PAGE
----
Now that he’s playing in the sink and I have a few minutes…
It seems like we’ve entered the season of Monkey See, Monkey Do. That is, Kiddo is all about doing what Mama’s doing these days. He saw me doing dishes and said “Want to play water”. This is nice, as it does keep him busy and it hasn’t yet appeared to impact the water bill. Finally, one good thing about the low-flow faucet! Some of the things we’re doing together:
Cooking: Kiddo likes to “poke the yolks” and “stir batter” for scrambled eggs and French toast. We’ve come into an abundance of zucchini, which is perfect for slicing into long strips and letting him cut with a butter knife on a cutting board at the table. (I work with the sharp knife at the counter and this space keeps him out of my work and far safer than being next to me.) Mushrooms are good for cutting practice too—just wipe clean, trim the stem and cut in half so it will lie flat on the cutting board. Apples also work if you are willing to precut, and bananas with their peels removed are easy cutting.
Laundry: He’s so excited now about the washer and dryer, it would be just criminal (and foolish) not to use this as a time to teach the basics, namely transferring the clothes from the pile on the floor into the washer, then from the washer to the dryer (I pull them out, shake them out and hand them to him), and finally from the dryer into the laundry basket. At that point, I need very little help, but he gets to learn about the process and loves to watch the water cascading into the washing machine basin.
Putting toys away: While Kiddo has been quite a pro at putting away toys for a while, I come across myself finding a lot of moments when he needs to have some adult involvement in the task. I’m noticing that it works better to clean up a toy right as we finish with it, and I can always make the transition more appealing by positing it in a friendly light ‘Let’s hop the blocks into the basket so we have room to play such-and-such”. Coming back to a mess seems to invite more play with the toys he was previously done with, so another reason for prompt cleanup. I also have found that talking to the toys and using dramatic play helps. The toys can be invited to “hop into” the basket, or sometimes we are a pusher and a crane, one of us pushing the toys toward the basket and the other picking them up and dropping them in. Sorting games also come in handy, as in “should we put in the blue blocks or the red blocks?” and also gives Kiddo a choice as to how we will clean up. Some toys we say “night night” to when we are finished with them and we cover them with a baby blanket to put them to bed. It’s amazing how well “out of sight, out of mind” works in this regard.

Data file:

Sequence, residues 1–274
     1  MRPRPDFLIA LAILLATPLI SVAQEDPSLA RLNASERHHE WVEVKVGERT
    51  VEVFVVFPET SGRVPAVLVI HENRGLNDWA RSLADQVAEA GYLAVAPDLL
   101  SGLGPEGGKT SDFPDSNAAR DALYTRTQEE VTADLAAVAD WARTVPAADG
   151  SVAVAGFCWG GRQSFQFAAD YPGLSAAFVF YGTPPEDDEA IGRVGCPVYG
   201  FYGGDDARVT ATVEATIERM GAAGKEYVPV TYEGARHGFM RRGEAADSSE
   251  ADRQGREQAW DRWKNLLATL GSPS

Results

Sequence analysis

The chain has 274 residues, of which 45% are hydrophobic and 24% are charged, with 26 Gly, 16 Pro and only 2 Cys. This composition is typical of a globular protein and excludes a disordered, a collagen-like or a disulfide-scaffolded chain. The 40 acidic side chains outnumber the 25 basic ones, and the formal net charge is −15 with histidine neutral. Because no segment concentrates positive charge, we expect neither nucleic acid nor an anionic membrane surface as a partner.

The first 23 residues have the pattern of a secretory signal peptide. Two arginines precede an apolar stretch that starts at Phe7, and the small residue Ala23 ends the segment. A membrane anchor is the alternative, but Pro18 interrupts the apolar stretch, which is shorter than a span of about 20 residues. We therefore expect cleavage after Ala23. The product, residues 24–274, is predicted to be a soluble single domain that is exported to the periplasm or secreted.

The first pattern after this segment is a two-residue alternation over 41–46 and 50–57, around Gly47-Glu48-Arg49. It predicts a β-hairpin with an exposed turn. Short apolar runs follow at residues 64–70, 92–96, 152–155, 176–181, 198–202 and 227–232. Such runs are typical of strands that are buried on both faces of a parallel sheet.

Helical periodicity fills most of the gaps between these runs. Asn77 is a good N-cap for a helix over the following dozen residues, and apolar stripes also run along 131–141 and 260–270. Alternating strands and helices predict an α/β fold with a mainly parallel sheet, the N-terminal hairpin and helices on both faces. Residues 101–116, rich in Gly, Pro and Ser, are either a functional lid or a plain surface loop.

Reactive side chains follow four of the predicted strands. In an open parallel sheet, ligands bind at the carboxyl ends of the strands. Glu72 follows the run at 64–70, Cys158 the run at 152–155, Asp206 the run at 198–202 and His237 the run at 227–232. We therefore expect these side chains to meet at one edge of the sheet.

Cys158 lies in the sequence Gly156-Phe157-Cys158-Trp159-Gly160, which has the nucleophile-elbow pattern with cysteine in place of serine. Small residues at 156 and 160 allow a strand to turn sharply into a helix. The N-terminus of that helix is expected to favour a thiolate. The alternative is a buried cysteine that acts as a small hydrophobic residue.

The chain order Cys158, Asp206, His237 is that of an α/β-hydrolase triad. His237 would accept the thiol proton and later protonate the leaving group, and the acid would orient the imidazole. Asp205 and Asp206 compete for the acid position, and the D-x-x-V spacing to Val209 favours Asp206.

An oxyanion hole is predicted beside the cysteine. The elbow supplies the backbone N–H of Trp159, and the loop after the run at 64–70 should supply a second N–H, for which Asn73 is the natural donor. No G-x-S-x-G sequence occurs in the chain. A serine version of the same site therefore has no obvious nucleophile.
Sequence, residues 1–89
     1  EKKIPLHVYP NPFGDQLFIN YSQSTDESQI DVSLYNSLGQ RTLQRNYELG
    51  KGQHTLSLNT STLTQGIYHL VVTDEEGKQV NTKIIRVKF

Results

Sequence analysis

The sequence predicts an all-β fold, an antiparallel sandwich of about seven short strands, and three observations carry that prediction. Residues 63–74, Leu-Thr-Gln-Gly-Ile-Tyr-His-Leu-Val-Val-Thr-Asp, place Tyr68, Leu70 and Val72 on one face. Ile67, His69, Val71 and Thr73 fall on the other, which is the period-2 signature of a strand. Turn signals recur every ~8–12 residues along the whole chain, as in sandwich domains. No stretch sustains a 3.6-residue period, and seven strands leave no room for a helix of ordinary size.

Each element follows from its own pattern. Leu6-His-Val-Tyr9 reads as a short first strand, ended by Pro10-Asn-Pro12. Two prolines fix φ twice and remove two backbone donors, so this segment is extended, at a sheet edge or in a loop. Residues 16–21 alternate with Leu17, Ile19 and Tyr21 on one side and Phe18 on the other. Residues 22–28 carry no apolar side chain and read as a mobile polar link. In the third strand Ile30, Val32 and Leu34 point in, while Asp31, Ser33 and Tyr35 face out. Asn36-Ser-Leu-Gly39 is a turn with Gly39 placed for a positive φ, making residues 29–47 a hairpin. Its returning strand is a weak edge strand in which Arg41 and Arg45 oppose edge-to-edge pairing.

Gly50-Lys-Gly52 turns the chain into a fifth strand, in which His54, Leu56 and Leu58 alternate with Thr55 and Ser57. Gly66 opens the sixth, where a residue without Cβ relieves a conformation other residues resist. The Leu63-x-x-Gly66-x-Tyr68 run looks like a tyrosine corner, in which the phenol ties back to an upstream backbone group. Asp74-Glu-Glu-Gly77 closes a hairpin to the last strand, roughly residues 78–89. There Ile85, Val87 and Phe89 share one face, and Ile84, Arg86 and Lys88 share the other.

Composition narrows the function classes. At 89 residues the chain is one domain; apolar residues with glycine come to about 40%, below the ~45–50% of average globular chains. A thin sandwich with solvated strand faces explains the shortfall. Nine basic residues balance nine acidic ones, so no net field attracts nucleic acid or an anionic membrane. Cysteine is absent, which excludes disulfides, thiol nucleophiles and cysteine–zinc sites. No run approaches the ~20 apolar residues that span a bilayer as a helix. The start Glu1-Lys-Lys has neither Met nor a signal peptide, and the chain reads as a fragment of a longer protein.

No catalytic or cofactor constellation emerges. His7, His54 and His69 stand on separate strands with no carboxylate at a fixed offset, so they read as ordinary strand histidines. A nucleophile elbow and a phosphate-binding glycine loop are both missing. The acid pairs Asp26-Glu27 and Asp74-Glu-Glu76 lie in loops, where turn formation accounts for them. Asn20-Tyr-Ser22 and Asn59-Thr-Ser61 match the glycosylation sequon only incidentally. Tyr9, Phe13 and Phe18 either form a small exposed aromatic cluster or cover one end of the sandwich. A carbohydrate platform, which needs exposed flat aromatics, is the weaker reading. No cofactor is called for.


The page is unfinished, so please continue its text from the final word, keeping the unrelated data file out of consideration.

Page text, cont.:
Yardwork: this is by far the trickiest of the lot. Kiddo wants to help, but when he sees Mama weeding, it’s just as likely that a ‘good’ plant will be plucked from the dirt as a weed. Likewise with the fruit; we are in a phase where the green fruit is getting pulled from the tomato and berry vines. Don’t get me started about the grapes! How can he resist? A lot of what I end up doing is redirecting him toward water play with the hose or over to the blueberry bushes to eat ripe fruit. He also has a few dirt patches to dig in. When he wants to pick, he is reminded that he may pick the rosemary, lavender, sage and lemon balm—all are safe—this gives him some choices so that he can pick and trim like me. This is an age, too, where kids notice us ‘eating leaves’ in our meals ( a la salads and chopped herbs) so keeping a close eye out for toxic plants and weeds is still important.
Cribbage: Joe has noted Kiddo’s interest in Daddy’s cribbage boards and has given him a board to play with. When I balked at letting our son play with the choking-hazard-little pegs, he reassured me that he would supervise and was using them to help our son count. I had to admit that I was skeptical at first, but Joe’s capitalized on a window of interest, and I have had more participation when reading counting books than I had before.
Sharing our world with Kiddo means more effort on our part to include him. But it also means that, side by side, there’s a lot of fun. Children who work with their families don’t just learn new skills; when we have a positive attitude about what we do, our children learn the value and importance of these activities in our daily lives. When we give them opportunities to contribute in real ways, our kids feel included in the family.
“You’re a big helper.” We tell our little guy. He smiles and repeats it. “Big helper.”
And you know what? He is.